Nouveau Plan Illustré de la Ville de Paris avec le systéme complet de ses Fortifications et Forts Détaches.
23.75 x 22.5 in (60.325 x 57.15 cm)
1 : 20000
A beautiful 1847 illustrated pictorial map of Paris, France, by Charles Fatout. Centered on the Seine, this map covers embastilled Paris as contained by the Thiers Wall as well as its immediate vicinity, including the Bois de Boulogne and Bois de Vincennes. Gardens, monuments, and parks are illustrated either in profile or in the form of vignette engravings – making this an ideal companion for the curious tourist. Trains are delightfully drawn entering and leaving the city in four locations.
Predating Hausmann's RenovationsThe 'Haussmannization' of Paris would not begin for nearly another decade, meaning that the warren of small streets that were an integral part of 17th, 18th, and early 19th century Paris still existed. The Arc de Triomphe, l'Avenue des Champs-Elysées and the Jardin des Tuileries (Tuileries Garden) are all as they appear in Paris today, but the Louvre is different. In 1844, the Palais des Tuileries still stood (until 1871), blocking public access to the Palais du Louvre.
The Fortification of ParisThis map exhibits the Theirs Wall shortly after it was completed in 1844. Shocked by the seizure of Paris by foreign enemies during the 1814 Battle of Paris, the French King at the time, Louis-Philippe (1773 - 1850), conceived of a broad network of walls and forts he believed would make Paris impregnable. The project was met with immediate opposition, some of which claimed that the walls were not defensive, but rather intended to control Parisians in the event of an anti-monarchal rebellion. Nonetheless, under a plan prepared by Marshal General Jean-de-Dieu Soult (1759 - 1861), construction began in 1841. The completed fortifications, named the Thiers Wall after the French Prime Minister at the time, Adolphe Theirs (1797 - 1877), were, at enormous expense, completed in 1844. The walls were thirty-three kilometers long and consisted of ninety-four bastions, seventeen gates, twenty-three minor road crossings, and eight railroad gates. By 1919, advancements in military technology made the walls obsolete, leading them to be fully deconstructed by 1929 and replaced with the Boulevard Périphérique.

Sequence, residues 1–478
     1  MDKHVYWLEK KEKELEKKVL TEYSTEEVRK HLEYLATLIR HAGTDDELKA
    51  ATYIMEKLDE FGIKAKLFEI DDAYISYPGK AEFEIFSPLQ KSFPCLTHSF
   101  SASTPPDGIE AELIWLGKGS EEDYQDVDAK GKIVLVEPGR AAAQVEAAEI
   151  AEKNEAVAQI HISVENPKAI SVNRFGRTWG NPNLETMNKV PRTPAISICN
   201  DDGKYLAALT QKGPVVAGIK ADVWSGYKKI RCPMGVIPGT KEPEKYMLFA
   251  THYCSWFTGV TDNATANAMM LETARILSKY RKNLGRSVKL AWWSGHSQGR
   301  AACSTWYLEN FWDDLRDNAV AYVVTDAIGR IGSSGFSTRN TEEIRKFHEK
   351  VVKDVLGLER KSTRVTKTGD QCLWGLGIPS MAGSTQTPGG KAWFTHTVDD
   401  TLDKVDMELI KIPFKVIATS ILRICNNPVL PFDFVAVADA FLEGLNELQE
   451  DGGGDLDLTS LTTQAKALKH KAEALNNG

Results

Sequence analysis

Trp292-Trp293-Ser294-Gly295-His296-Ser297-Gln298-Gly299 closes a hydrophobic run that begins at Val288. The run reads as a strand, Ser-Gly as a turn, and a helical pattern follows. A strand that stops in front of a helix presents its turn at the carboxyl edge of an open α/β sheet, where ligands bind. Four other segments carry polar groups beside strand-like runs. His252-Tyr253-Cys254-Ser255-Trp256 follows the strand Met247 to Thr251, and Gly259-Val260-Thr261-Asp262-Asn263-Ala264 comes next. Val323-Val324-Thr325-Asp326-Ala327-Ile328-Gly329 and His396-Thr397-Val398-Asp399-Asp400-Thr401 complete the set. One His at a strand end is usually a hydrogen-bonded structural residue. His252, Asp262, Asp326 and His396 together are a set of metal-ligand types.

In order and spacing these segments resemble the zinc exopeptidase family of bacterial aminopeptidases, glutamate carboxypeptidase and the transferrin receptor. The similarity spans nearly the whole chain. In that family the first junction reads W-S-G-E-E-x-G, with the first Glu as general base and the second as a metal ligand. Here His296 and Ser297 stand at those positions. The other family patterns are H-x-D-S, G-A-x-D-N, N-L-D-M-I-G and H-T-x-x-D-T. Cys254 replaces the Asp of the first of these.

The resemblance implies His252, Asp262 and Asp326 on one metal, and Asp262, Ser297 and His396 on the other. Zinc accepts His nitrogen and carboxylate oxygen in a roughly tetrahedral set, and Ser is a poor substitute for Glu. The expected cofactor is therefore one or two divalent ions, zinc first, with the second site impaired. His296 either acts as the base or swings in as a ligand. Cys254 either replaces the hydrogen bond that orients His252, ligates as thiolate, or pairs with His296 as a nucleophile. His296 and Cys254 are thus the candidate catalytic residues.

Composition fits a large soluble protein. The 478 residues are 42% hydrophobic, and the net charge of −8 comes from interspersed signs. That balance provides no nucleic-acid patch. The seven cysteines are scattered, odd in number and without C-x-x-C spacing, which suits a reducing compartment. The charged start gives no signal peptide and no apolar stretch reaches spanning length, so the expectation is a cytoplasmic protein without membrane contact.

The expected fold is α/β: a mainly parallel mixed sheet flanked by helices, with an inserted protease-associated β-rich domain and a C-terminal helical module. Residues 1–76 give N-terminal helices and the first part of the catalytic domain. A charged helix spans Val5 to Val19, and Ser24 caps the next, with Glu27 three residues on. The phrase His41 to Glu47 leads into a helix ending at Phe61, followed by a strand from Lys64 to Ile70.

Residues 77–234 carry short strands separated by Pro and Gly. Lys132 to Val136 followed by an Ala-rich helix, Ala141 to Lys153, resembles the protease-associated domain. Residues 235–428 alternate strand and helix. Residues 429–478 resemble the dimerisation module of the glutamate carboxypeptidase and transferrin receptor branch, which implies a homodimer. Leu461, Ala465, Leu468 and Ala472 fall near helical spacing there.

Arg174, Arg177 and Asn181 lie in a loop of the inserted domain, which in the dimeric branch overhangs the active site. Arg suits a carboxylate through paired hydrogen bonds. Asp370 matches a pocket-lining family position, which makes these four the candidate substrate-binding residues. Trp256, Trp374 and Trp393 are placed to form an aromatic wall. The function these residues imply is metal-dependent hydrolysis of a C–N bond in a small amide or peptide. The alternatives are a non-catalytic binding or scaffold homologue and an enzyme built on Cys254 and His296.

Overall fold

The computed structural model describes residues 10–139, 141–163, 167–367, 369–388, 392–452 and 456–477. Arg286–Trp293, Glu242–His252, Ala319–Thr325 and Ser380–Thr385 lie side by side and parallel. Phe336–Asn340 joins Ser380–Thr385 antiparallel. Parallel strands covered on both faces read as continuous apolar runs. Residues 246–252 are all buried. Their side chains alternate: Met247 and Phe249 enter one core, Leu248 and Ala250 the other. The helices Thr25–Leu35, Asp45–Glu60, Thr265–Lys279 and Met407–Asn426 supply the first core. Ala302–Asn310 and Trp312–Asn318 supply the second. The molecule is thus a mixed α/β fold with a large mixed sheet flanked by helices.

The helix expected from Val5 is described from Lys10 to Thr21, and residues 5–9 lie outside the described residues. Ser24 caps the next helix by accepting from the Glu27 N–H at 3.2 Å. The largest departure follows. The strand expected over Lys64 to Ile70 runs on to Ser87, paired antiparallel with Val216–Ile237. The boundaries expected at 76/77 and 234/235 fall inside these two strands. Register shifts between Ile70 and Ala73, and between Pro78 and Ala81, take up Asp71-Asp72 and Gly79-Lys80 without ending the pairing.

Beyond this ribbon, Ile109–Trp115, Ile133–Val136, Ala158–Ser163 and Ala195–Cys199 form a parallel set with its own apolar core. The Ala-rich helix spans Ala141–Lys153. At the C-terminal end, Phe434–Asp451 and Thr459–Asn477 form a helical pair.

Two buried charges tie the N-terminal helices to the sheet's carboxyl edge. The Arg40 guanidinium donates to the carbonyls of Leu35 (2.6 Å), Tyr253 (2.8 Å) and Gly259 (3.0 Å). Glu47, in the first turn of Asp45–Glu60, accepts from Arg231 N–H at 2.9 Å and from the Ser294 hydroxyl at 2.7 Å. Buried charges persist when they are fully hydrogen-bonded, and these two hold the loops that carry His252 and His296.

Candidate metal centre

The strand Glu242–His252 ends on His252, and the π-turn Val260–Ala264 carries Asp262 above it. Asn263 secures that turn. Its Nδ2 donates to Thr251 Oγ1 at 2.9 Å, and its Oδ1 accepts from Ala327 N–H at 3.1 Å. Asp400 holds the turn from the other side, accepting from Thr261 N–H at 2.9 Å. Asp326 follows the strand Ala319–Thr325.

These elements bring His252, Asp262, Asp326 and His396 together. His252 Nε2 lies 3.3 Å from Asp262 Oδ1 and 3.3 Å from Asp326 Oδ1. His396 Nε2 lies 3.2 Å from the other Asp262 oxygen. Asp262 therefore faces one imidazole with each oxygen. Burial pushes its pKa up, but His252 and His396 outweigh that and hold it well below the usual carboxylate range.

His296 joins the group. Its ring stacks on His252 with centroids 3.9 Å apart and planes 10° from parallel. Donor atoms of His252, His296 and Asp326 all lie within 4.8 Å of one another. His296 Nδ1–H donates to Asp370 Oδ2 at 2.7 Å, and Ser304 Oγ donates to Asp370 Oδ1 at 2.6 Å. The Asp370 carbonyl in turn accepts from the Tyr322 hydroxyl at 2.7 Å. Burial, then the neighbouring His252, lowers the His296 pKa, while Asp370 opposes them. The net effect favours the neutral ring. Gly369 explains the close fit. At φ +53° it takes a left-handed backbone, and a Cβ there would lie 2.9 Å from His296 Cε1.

Publication History and CensusThis map was published in many editions and variants from about 1845. Some attribute the engraving work to Alexandre Amié Vuillemin, and it is indeed in his style, but the present map is unattributed. The 1846 edition appears at the BNF, but we have been unable to locate another 1847. We know of one other example of the 1847 edition in private hands.
Charles Fatout (18?? - 1882) was a French engraver, bookseller, second-hand bookseller, map seller, print seller, bookbinder, and stationer active in Paris during the second half of the 19th century. From about 1840 he was based at Boulevard Poissonnière 17, an office he may have shared with other engravers and publishers of the period. In addition to his private work, he was also employed as a senior clerk under Damascène Morgand (1840 - 1898) in the second-hand book department of the Auguste Fontaine firm, Passage de Panoramas. In 1875, Morgand separated from Fontaine, and taking Fatout along, took over the bookshop of M. E. Caen, founding, 'Librairie Morgand et Fatout' at 55 Passage des Panoramas. Fatout is described in period literature as 'cold and calculating' leading to the success of his firm. Following Fatout's death in 1882, 'Morgand et Fatout' was formally dissolved, but the firm continued under 'Morgand' until 1897. At this time, himself ready to retire, Morgand sold the business at auction to Abbé Bossout, H. Destailleur, and Émile Müller. More by this mapmaker...
Very good. Laid down on archival tissue. Minor verso repairs here and there, especially at old fold intersections.
Vallee, Leon, Catalogue des plans de Paris et des cartes de l'ile de France, (Bibliotheque Nacionale), #1203.